Social media allows a passive reader (or an average Joe) to become an active producer (or a shining online star), creating a phenomenal landscape change in terms of Web-based activities. With various social media (Facebook, Twitter, Digg, del.licio.us, MySpace, StumbleUpon, etc.), people can share content, opinions, insights, experiences, perspectives, and media themselves, as well as producing many new media via techniques such as mashing up. Social networks emerge with the pervasive use of social media. We will briefly introduce the background of social computing including concepts and principles such as small world, random networks, scale-free networks, laws and distributions (normal distribution, Zipf’s law, power law), search in networks, propagation of influence and trust, diffusion (epidemics), robustness in networks, collective wisdom, collaborative filtering, social decision making, and the relationships between Long Tails and Short Heads. We will also study techniques regarding the behavior of website visitors and the use of data collected from a web site to determine which aspects of the website work toward various objectives. For example, what are the patterns some online frequent purchasers? How can we keep a web surfer sufficiently long? What can make a person to come back? We will learn what representative data collection techniques are, and how to use collected data to help achieve tasks such as recommendation, cross reference, attention retention, and identifying key performance indicators. We will learn representative approaches to data collection (log-file analysis, page tagging). Some examples of collectable statistics are hit, page view, visit/session, repeat visitor, new visitor, impression, topics, and singletons. We will study issues like public opinion, sentiment analysis, privacy, trust, and reputation. This course aims to introduce the state-of-the art developments in participatory Web techniques, social networks and analysis, network analysis and graph theory, information extraction, link analysis, and Web mining, to study emerging problems with social media, and to learn innovatively applying multidisciplinary approaches to problem solving. The ultimate goal is to sharpen problem solving skills of our senior and graduate students, and prepare them with this unique set of expertise for the increasing demands in IT industry and for in-depth advanced research.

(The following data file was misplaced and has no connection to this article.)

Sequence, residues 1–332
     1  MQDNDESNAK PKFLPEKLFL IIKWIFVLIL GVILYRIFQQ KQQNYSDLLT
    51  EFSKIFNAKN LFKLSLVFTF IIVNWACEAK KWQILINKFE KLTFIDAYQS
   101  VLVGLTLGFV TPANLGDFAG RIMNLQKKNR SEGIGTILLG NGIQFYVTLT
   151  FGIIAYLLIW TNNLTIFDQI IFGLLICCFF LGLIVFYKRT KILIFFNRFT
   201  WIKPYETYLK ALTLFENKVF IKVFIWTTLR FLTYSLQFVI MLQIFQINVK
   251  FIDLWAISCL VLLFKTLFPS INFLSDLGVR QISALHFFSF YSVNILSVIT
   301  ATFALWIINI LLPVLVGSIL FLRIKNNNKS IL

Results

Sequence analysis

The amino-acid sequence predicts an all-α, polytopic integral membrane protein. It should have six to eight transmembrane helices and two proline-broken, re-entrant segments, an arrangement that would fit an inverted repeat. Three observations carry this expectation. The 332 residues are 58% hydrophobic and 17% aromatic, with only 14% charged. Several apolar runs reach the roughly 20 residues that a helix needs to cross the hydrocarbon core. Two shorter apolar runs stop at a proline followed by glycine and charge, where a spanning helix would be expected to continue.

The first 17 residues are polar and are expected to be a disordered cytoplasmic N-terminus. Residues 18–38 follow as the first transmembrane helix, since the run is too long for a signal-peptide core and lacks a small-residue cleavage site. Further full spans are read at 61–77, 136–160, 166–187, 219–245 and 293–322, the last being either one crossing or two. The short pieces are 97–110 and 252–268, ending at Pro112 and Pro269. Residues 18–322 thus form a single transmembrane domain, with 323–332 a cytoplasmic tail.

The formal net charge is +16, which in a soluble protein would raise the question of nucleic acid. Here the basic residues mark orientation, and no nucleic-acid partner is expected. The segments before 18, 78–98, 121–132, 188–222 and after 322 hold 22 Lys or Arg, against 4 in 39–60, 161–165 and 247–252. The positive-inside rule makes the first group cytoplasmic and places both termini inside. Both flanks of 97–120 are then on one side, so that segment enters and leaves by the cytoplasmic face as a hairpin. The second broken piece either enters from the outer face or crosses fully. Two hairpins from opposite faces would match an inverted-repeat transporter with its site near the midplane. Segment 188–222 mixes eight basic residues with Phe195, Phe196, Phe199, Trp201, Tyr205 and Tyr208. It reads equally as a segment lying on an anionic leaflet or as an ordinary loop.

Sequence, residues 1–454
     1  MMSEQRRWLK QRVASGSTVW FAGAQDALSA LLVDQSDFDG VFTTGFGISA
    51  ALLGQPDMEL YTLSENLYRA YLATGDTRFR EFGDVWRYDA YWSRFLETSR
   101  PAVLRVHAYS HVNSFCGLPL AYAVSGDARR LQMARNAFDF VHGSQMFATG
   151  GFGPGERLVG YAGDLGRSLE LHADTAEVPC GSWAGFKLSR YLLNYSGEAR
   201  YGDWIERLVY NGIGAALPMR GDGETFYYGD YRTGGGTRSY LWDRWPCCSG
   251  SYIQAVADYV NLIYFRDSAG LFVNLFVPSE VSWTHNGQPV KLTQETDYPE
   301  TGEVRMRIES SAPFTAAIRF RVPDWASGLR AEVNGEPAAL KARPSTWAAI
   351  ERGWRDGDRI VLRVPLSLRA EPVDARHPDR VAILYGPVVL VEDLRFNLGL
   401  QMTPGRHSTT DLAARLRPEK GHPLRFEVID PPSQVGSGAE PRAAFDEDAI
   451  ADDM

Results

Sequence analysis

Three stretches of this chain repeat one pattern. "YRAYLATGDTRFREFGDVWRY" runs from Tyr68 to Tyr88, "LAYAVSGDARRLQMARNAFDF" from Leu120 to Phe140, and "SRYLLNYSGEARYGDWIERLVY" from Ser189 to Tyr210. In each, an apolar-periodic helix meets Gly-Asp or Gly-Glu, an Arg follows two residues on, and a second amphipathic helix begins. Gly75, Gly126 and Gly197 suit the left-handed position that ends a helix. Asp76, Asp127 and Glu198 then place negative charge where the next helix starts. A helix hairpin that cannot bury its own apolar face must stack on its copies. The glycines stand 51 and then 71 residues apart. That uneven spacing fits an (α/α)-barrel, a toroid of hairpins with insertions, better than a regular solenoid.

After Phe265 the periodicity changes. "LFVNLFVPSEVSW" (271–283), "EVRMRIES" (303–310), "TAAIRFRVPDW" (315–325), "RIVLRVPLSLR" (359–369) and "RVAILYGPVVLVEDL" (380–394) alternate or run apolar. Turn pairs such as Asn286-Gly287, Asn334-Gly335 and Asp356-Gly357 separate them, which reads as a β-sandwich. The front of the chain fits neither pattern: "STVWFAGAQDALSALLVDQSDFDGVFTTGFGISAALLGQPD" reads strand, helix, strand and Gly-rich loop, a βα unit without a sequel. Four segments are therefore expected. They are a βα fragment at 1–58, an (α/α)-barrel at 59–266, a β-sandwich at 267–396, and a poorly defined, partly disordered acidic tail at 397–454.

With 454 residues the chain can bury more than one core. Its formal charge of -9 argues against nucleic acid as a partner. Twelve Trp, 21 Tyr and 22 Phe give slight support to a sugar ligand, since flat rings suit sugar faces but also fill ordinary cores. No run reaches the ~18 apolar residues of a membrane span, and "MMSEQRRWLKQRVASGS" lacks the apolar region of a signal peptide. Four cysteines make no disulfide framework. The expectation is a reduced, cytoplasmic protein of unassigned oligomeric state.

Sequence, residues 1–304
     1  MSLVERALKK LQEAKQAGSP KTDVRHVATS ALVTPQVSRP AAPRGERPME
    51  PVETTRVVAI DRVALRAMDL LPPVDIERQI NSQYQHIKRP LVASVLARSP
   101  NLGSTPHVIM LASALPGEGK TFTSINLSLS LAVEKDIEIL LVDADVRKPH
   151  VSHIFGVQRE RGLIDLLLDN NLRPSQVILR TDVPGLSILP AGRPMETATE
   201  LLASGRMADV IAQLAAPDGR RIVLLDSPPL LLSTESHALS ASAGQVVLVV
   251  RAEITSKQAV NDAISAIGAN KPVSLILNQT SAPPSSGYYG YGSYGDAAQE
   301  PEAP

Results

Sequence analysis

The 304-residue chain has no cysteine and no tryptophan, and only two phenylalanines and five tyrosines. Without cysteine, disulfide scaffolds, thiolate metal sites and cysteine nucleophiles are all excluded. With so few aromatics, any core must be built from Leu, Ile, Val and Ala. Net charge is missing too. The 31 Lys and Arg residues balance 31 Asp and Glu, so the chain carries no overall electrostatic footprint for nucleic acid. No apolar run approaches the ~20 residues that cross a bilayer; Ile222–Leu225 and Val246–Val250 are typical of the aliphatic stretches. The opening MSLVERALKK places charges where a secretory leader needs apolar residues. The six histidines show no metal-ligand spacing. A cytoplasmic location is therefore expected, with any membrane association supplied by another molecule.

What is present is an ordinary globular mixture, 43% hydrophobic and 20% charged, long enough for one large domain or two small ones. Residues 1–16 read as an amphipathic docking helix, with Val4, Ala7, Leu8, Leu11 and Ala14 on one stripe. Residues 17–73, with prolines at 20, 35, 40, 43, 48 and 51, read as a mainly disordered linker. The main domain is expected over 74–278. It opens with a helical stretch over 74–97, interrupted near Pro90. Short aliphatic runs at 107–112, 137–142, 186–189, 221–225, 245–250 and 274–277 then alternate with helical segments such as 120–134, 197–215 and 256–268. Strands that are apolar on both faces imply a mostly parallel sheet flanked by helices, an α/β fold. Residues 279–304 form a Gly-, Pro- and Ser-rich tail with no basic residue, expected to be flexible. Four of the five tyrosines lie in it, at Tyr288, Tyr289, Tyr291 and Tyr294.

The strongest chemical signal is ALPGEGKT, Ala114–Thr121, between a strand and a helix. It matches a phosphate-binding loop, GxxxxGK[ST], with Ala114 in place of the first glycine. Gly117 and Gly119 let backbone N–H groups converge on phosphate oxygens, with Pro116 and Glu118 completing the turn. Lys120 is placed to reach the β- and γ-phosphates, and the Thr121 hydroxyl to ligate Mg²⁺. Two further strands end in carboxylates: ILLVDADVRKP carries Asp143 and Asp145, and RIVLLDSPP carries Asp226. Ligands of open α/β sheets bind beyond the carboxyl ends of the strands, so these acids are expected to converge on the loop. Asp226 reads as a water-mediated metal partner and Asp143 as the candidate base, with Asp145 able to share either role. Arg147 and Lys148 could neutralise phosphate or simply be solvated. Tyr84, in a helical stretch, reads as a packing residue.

TTh 3:00 - 4:00pm, BYE 566
TA and Office Hours:
Reza Zafarani: Mondays and Wednsdays, 3:00 - 4:00pm, BYE 221
Ali Abbasi: TBA
|Please send emails to the TAs for meetings|
We will mainly use lecture notes (powerpoint slides) to provide a central repository including materials from various reference books. More will be discussed in our first class.
Networks, Crowds, and Markets: Reasoning About a Highly Connected World, (available in pdf), David Easley and Jon Kleinberg, Cambridge University Press 2010.
Networks: An Introduction, Mark Newman, Oxford University Press, 2010.
Community Detection and Mining in Social Media, Morgan & Claypool, 2010.
Modeling and Data Mining in Blogosphere, Morgan & Claypool, 2009.
Web Data Mining - Exploring Hyperlinks, Contents, and Usage Data, Bing Liu, Springer, 2007
Mining the Web - Discovering Knowledge from Hypertext Data, Soumen Chakrabarti, Morgan Kaufmann, 2003
Social Network Analysis - Methods and Applications, Stanley Wasserman and Katherine Faust, Cambridge, 1994
We will include below interesting links recommended by our students and others.
Last updated: 05/11/11
Maintained by Huan Liu
If you have comments or suggestions, email me at
huan.liu at asu.edu
huan.liu at asu.edu